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The Moat House Kempston Hardwick

Moat House Nov 2007
Moat House in Nov 2007

Kempston Hardwick has never been a heavily populated hamlet and remains that way today. Most of the dwellings are on Manor Road or Bedford Road. just north of Manor Road is a moat. It is difficult to make out on the ground as it is choked with plant growth but lies north of the road and immediately south-east of a number of dwellings including, appropriately enough, Moat House, which was known as The Cottage in the late 19th and early 20th centuries. The moat may be the site of themanor house of the Manor of Hardwick.

The Bedfordshire Historic Environment Record [HER] contains information on the county’s historic buildings and landscapes and summaries of each entry can now be found online as part of the Heritage Gateway website. The entry for the moat [HER 303] states that the rectangular enclosure measures 80 metres by 70 metres inclusive of the 9 metre wide moat. The remains of a stone faced causeway can be seen on the southern side of the moat. This is thought to be a post-medieval replacement for a medieval original causeway. The shell of a Second World War air raid shelter was mentioned by some site visitors but there was no sign of this by the time of the Parish Survey in 1984.

In 1927 Bedfordshire was valued under the Rating Valuation Act 1925; every piece of land and building was valued to determine the rates to be paid on it. The valuer visiting the Moat House discovered that it was owned by Joseph Roberts and occupied by the Misses Main. He was not too impressed with the place, noting that it was of brick and tile construction and comprised, downstairs a hall measuring12ft by 11ft, a kitchen and scullery, with "water over sink" ("poor"), a morning room measuring 15ft by 14ft, a pantry, a wc, a greenhouse ("small"), a dining room measuring 16ft square and a drawing room measuring 13½ft by 16ft. Upstairs were four bedrooms over the drawing room, hall, kitchen and morning room respectively, there was also a dressing room and a wc. Outside were two coal sheds, a garage ("was stables"), two stores and a harness room; he noted: "No Car kept. useful bldgs". His other comments were less flattering: "Water V. Bad. Nothing fit to drink have to get it fetched from pump about 150 yds". Though in another hand was added: "Just put new pump in Pantry outside". The original valuer also noted: "H[ouse] cracking" and "No light, very isolated". It was: "Considerably more lettable than p.15" [Manor Farm] but: "Bad Position don't like it". Three fields were held with the house with acreages of 1.259, 1.586 and 1.482; they comprised:  "Land & a few new trees" and all were occupied by Joseph Roberts.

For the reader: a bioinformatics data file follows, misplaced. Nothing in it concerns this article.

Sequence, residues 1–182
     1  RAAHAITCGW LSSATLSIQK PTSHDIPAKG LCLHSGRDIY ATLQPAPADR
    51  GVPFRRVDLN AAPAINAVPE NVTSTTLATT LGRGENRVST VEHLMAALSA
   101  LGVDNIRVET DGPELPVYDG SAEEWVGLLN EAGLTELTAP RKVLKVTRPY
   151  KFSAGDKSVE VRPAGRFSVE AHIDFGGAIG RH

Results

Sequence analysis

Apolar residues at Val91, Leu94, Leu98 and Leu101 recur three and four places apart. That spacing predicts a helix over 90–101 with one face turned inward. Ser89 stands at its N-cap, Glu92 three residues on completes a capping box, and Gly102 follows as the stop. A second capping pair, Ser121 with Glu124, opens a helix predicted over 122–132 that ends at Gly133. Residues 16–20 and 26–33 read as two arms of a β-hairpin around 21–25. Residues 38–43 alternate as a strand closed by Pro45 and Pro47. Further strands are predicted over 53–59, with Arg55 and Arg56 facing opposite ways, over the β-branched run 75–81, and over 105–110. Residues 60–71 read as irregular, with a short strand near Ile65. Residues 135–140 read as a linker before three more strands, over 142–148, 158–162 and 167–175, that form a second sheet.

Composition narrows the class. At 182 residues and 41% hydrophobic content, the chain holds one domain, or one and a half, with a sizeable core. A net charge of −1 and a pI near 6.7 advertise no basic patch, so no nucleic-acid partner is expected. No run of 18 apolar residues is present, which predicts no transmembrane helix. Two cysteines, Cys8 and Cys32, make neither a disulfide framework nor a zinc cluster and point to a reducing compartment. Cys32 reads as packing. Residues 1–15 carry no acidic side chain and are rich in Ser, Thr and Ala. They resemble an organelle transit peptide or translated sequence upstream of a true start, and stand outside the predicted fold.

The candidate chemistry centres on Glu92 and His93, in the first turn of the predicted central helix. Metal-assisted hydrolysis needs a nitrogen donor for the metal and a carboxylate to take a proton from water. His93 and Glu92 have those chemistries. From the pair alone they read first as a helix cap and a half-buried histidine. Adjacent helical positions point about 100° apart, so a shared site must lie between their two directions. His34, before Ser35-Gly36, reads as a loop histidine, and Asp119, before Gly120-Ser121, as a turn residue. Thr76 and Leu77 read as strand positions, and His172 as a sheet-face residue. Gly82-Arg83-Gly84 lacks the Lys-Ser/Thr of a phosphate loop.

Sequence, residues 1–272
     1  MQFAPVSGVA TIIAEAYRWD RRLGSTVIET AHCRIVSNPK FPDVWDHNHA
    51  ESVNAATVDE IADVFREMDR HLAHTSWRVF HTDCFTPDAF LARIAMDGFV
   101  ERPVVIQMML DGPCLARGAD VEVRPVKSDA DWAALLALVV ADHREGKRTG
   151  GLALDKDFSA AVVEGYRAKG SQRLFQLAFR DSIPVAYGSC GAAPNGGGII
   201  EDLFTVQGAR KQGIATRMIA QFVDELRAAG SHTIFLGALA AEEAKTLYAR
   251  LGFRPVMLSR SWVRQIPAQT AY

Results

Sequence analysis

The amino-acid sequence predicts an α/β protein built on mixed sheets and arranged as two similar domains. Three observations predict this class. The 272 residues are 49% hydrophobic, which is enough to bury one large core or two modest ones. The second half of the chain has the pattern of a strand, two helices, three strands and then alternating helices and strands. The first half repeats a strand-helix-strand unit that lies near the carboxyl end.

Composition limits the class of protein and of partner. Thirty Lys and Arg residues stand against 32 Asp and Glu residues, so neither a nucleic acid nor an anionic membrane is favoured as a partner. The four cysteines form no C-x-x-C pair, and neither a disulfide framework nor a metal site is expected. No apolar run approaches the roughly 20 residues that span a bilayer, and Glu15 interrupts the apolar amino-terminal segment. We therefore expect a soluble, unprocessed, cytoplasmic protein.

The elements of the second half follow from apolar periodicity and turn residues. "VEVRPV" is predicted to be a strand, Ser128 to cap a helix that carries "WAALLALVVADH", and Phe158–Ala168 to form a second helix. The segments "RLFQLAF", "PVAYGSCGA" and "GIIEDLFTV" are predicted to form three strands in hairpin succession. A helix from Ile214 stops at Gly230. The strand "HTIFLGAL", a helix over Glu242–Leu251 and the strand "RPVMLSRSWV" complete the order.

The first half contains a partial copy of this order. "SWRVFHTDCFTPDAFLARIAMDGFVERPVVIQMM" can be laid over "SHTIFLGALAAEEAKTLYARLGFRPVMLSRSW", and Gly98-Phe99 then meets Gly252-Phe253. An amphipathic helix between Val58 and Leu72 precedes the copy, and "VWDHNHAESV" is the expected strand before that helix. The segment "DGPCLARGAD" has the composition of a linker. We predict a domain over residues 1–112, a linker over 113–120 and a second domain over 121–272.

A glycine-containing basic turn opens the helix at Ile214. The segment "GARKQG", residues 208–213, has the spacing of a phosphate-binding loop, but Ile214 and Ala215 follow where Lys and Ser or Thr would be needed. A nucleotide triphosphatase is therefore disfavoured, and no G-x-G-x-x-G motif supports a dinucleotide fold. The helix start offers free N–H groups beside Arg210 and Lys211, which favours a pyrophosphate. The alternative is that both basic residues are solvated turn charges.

Joseph Roberts died in 1953 and left the house, along with the site of Kempston Hardwick Manor to trustees. Directories reveal a few of the earlier tenants as follows:

  • 1877 Lieutenant A. H. Stone;
  • 1885 Miss Roberts;
  • 1903, 1906, 1910, 1914, 1920 James Alexander Henman;
  • 1924, 1928 the Misses Main.

In 2011 Bedfordshire and Luton Archives and Records Service was contacted by Mr. Brian Scott from Northumberland. He lived there as a child from 1937 to 1949. His mother, Mrs. Scott, ran a riding stables.